Sunday, March 20, 2016

Ten Years

This blog was started because a teenager ran out of paper one March afternoon. Over a decade, not only did it translate mood swings into phrased strings but influenced the aforementioned teenager’s transition into adulthood. And what better way to do a celebratory post than usher in some nostalgia.

Nostalgia, the deceptive force that compels one to resist change by cunningly bringing forth happy memories from the past. That, coupled with apathy is the reason this blog still uses a static template, has primitive social media integration tools and chooses to stay away from the modern-day icon-loaded landing pages with Helvetica slashes. You see, this blog is my sole reminder of what the internet used to look like when we were younger – everything was plain, simple and text-heavy. There were fewer people, lesser sites, and sparser media. The internet was anonymous and we reveled in it. One could say things, be people, get away with it or simply not care at all. And as irony would have it, ten years later, I ended up working for a company whose very foundation (and a significant revenue driver, may I add) is in attaching a single identity to every click, anywhere on the internet.

From text and music, it became image and video. From Yahoo chatrooms, it became Tinder. From being an escape, the internet became the focus. From being restricted to half an hour on a dial-up modem after school, it became fifteen hours a day, only a minimum-hour restriction this time. But let’s go back to the modem thing, because apparently restricting access to the internet may be a human rights violation in the years to come. Back in the late 90s, getting online was both slow (we’re talking 56 kbps) and expensive (as in choosing between making a phone call or loading a web page). Yet my family’s prime concern about their darling daughter embracing novelty was what it is today – moderation. That ‘online’ was new made it induce skepticism; we didn’t trust novelty back then – new cultures, traditions or even food. It took pizza chains half a decade to even consider scaling up in India. 'New' was never entirely trustworthy, 'new' could waylay children.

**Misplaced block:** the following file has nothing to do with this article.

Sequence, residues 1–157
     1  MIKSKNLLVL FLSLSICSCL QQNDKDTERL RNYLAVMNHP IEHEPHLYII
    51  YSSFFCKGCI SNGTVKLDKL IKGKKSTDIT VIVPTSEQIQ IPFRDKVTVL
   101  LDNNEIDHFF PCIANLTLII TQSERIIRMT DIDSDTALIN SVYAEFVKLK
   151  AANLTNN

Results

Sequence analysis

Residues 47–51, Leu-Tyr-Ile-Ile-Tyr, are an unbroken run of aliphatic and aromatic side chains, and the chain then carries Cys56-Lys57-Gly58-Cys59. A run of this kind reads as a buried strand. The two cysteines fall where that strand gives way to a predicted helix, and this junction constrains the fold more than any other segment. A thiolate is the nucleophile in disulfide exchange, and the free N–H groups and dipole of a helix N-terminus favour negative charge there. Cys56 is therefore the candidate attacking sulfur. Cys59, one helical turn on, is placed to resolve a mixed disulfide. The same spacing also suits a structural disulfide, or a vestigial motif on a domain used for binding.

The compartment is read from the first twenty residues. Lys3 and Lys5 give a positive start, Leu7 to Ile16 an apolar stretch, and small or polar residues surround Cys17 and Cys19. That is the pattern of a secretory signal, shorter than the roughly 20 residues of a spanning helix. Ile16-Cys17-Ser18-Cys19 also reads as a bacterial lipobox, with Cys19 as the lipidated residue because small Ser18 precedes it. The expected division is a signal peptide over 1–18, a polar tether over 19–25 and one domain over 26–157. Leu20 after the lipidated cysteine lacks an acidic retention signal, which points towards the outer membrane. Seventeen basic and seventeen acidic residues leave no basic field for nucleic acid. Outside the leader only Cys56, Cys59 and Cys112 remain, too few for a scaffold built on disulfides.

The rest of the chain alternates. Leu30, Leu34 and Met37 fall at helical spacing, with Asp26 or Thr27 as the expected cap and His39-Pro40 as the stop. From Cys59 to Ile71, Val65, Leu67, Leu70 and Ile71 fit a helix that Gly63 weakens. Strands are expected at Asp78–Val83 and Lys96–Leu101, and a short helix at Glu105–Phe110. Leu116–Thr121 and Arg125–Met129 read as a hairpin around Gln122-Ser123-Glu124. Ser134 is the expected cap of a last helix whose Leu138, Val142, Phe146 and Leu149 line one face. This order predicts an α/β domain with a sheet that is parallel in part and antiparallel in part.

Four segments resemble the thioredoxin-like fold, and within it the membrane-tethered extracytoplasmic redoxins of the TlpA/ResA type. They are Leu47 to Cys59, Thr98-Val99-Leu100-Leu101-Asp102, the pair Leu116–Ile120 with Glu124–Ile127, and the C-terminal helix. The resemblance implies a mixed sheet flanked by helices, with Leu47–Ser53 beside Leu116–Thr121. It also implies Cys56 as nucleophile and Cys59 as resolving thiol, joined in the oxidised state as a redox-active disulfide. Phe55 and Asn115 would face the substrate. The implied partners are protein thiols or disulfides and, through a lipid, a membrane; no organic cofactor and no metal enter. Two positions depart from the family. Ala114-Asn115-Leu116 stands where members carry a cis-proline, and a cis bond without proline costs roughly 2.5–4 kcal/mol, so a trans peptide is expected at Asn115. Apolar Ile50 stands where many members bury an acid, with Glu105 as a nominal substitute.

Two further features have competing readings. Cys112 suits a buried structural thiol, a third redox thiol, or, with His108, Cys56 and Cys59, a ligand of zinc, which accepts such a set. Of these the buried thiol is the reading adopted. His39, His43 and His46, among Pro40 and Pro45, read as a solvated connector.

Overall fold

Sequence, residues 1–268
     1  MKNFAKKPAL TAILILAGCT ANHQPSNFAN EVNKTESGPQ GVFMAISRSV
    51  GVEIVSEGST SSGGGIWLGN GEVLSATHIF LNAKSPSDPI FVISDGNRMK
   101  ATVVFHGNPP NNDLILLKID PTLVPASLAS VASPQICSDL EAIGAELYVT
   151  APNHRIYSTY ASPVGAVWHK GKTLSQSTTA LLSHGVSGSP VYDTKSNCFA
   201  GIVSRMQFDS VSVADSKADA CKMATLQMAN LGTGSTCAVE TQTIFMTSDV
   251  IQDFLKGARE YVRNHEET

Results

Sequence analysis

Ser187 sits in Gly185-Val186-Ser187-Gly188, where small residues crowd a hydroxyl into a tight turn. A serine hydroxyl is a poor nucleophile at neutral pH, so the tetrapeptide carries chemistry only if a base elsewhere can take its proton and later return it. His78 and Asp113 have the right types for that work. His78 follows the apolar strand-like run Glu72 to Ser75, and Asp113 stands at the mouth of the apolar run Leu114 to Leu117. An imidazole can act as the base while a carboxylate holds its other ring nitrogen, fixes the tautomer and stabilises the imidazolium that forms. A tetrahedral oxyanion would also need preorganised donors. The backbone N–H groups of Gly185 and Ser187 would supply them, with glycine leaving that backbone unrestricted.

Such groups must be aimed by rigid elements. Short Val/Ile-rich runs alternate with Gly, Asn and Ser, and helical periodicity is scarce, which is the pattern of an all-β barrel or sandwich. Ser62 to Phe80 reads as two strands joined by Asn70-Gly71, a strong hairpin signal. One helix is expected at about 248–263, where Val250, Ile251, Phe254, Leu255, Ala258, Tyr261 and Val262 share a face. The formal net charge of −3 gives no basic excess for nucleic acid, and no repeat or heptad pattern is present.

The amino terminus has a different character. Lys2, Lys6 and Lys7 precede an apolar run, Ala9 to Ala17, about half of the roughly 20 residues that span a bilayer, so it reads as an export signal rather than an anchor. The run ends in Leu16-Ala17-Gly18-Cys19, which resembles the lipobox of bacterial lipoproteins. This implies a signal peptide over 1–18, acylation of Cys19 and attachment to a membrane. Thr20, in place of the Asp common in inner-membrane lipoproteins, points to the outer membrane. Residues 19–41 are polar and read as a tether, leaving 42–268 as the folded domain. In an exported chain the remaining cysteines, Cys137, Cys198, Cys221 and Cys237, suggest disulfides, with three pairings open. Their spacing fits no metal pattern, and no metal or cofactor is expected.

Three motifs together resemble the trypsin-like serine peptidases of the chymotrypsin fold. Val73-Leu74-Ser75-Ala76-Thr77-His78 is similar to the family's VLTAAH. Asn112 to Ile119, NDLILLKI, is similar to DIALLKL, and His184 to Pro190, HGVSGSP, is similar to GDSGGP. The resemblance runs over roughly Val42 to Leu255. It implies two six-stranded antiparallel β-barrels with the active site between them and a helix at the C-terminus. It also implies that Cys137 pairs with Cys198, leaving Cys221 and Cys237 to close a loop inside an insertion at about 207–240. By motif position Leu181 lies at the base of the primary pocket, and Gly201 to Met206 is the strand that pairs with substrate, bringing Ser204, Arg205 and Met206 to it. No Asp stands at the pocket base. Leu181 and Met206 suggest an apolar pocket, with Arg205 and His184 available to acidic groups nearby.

But that was then. Now, we are more flirtatious, make informed choices - and faster- because of something that was once a novelty. In a country of adopters driven by word-of-mouth assurances and the fear of missing out, going online is a matter of four out of one’s five friends being online and recommending it. I personally look forward to the day restricting internet access will account to criminal violation and the juicy media output said violation will result in. That may also be the day we realize we are on the other side of a massive pro-liberal culture shift, but that’s for another blog post.

From pen and paper poetry being typed out and uploaded for the world to see to not sparing time to write at all, the internet has ironically affected the sustenance of this blog in ways more than one. But here’s to ten more years.